- Silicon Valley Blogger from The Digerati Life presents 3 Great Money Lessons From My Old Man.
- Mr. B from Interesting Money presents Just In Case – How to Make Sure Your Spouse Knows Your Financial Passwords, and says, “Options for a contingency plan – if something happens to you, how can you ensure that your spouse (or loved ones) can access the necessary information?”
- Monevator shares Taking stock: How to Set out Your Statement of Affairs.
- My Wealth Builder presents Our Journey To Financial Freedom #9 – The Professionals We Used.
- NCN from No Credit Needed presents Making A Break With The Past – Changing Habits And Thinking Long Term About Personal Finances. Long title – great message. 😉
Where’s George is a popular website used to track US currency locations. The serial numbers on US Dollars are entered into the website and the bill is stamped with a logo or written on to entice other people to participate. Owners then enter the serial number of the dollar and their zip code into the website, and the dollar’s location and travels can be tracked. This website has spawned several imitators in multiple countries including Canada, the UK, Russia, Norway, countries that use the Euro, Japan, South Africa, China, India, and others.
- Searchlight Crusade presents Lender Paid Mortgage Insurance or Regular PMI? This is a great article about how to get PMI removed.
- Mr. Cheap from Quest for Four Pillars presents Real Estate Agents – The Other Side of the Coin.
- Everything Finance shares Mortgage Escrow: To Do Or Not To Do.
- A Penny Closer presents Why I Bought My First House.
One of the first forms of counterfeit money was a fourrée – a coin, that is made from a base metal core that has been plated with a precious metal to look like its solid metal counter part. The US Penny from 1982 and later is an example of a fourrée since it is zinc which has been plated with copper in a manner to deceive. These pennies are much cheaper to produce than pure copper pennies.
- Living Almost Large presents Have I saved enough? Be sure to check out the calculator linked in this article.
Wikipedia lists 194 current official or de facto circulating currencies of the 192 United Nations member states, one UN observer state, three partially recognized sovereign states, six unrecognized countries, and 32 dependencies.
- David from My Two Dollars presents Tax Law Changes In Store For 2008.
The closest thing there ever was to a “world currency” was the Spanish Dollar, or Pieces of Eight. From the 17th-19th centuries, the Spanish dollar was accepted as legal tender throughout Spain, France, Italy, the US, all of Central and South America (excluding Brazil), Canada, most of the Pacific Island nations including the Philippines and Guam, and later in China and other Southeast Asian countries.
- Million Dollar Journey presents Ask the Readers: What is Your Tipping Policy? There are some great reader comments on this article.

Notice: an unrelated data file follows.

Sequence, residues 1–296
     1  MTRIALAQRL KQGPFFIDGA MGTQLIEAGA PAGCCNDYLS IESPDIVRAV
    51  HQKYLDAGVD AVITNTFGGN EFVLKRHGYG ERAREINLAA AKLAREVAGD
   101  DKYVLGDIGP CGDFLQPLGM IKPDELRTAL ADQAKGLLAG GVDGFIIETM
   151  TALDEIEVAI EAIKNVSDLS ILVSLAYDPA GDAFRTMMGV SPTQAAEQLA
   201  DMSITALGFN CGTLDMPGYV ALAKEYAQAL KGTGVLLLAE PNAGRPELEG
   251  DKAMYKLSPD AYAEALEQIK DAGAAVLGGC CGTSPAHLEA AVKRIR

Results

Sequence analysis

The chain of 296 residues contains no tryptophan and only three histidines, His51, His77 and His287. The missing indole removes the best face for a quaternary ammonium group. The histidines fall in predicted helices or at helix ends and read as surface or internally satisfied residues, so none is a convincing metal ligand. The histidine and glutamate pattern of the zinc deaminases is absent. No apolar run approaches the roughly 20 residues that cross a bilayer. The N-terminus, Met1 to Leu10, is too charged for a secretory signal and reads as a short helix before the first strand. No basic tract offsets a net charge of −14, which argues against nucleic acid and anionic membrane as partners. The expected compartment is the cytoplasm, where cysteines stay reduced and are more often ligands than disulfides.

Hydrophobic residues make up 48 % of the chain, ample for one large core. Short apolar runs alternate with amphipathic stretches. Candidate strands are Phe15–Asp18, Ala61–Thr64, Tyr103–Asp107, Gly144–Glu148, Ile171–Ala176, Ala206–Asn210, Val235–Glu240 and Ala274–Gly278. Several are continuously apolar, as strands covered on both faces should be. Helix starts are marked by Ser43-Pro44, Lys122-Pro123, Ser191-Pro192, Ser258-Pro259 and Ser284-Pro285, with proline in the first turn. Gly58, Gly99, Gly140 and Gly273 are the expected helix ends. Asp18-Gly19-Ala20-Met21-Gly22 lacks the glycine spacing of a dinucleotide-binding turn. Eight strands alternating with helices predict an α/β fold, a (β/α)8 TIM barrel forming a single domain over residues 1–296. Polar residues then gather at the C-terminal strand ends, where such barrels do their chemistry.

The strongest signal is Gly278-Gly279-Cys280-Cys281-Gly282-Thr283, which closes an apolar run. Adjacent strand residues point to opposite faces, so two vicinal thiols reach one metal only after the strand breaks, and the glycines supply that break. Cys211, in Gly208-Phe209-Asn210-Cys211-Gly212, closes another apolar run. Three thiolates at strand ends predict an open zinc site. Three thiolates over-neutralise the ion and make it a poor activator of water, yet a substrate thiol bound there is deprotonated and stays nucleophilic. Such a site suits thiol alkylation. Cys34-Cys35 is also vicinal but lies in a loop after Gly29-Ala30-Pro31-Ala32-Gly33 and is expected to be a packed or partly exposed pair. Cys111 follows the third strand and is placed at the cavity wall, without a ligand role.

- DR from The Dough Roller presents How to Earn a Second Income in Your ‘Second Life’, and says, “Second Life has already crowned its first real life millionaire. Here’s how people are making real money in the virtual world.”
- The Happy Rock presents The Cost Of Having Children. I’ll give you a hint – this is not an article about not having kids just so you can save money. This is a beautiful look at how priorities change in a good way.
- Smart Money Daily presents 3 Bizarre Banking Stories. Trillion dollar overdrafts, million dollar bills and houses sold with the dead owner still inside! Interesting!
- Broke Grad Student presents 9 Great Gift Ideas For A Broke College Student, and says, “9 great gifts that will put a smile on every broke grad student’s face. The list may surprise you.” If there was a category for humor, this one might go there.
- Dividend Money presents Practical Life Lessons From My Dog, and says, “An intriguing story outlining what my dog taught me about money, life, and personal finance.”
- Smarty from Growing Money presents House Cleaning – Turning Trash to Cash. This is a great way to clear the clutter and make some nice money – something I need to do a little more of!
- retirehappy from My Retirement Blog presents When Should You Start Taking Social Security Benefits?
Most “money” is based on a fiat currency, and has no intrinsic value – only the value of the backing from the government that issues it. The US Dollar for example is not pegged to anything other than the US government’s word. Though the US holds billions of dollars worth of gold reserves, the amount of printed money far exceeds the reserves.
Thanks for all the wonderful articles everyone! I’ve enjoyed learning and giving back to the on-line personal finance community.
*all facts sourced via Wikipedia.